I first became aware of Jefferson's Sons by Kimberly Brubaker Bradley when Betsy Bird posted this review of it on her blog back in August. The novel chronicles the life at Monticello for the children Thomas Jefferson had with his slave, Sally Hemings. I was intrigued enough to buy a copy, but also hesitant to read it. There is a reason you don't see many reviews of historical fiction on this blog. I don't read a lot of it because when it is done poorly, as it often is, nothing annoys me more. (I was a History minor.) I have completely avoided the discussion on this book at Heavy Medal because I hadn't yet read the it, though I've heard most people there weren't as enamored with it as some earlier reviewers. (I will try to get to looking at it when the Christmas candy making is complete.) I couldn't resist reading Monica Edinger's thoughts when she posted them as they were about using real people as characters in a book, something that has always made me uncomfortable. And yes, I it made me uncomfortable here, particularly as I felt many of the thoughts and actions the characters were exhibiting were projecting philosophies and thought patterns people would not have had in the early 19th century. The book is certainly an interesting perspective we don't usually find on one of our Founding Fathers and also a perspective on slavery we don't ordinarily see, and I can see its value in sparking discussion to a certain extent, but my frustration far outweighed my enjoyment while I was reading it.
The novel spans 22 years and follows three characters. The first two perspectives are of two of Jefferson's sons, Beverly and Maddy. The third follows Peter, one of the other slaves on the plantation. It is a different look at slavery because Beverly and Maddy are slaves owned by their father. It is a complicated and messy situation and their feelings toward their father reflect this to some degree. Neither of them seemed like fully realized characters to me which may have been because neither story was followed through to the end from their own perspective. Peter was even less realized and never really established his own voice. I felt like his story was included solely for the emotional impact of the end. The characterization in the novel that disturbed me the most was that of Sally Hemings. She has conversations with her children in this book I can not fathom an actual person in the time period, in her position, having. I feel like the author took a woman who was a real person and a real mother and who, I'm sure, had some rather complex emotions regarding her situation and turned her into nothing more than a didactic voice. A didactic voice that preaches modern thoughts on the topics wrestled with in the book. Nothing will turn me off a book faster then didacticism and that is my largest complaint about the book. I couldn't shake the sense that the point of the narrative was to teach me a lesson rather than tell me a story.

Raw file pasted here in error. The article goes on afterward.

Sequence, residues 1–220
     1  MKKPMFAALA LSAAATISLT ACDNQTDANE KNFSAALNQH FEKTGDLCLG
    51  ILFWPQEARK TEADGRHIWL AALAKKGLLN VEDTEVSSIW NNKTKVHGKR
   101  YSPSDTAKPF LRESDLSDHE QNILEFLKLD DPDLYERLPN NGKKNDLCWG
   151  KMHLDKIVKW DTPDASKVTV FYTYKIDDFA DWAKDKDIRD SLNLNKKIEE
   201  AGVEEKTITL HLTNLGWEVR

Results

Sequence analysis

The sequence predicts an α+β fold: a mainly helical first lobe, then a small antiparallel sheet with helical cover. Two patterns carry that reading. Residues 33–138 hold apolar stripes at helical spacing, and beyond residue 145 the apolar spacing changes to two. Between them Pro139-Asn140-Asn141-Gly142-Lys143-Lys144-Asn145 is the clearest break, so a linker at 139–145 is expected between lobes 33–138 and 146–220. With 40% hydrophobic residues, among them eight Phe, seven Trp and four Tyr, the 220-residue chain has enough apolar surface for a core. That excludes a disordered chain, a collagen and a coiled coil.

If you are looking for accessible historical fiction on slavery in early America, Jefferson's Sons works. It fell far short of the expectations I have when I'm looking for a good story though.
Note on Content: The book, while not going in to details, does make it clear that Sally sleeps at the house with Jefferson when he is there and there is, obviously, discussion about his paternity of her children. So you probably don't wan to hand this to a precocious young reader not entirely aware of the ins and outs of what makes babies.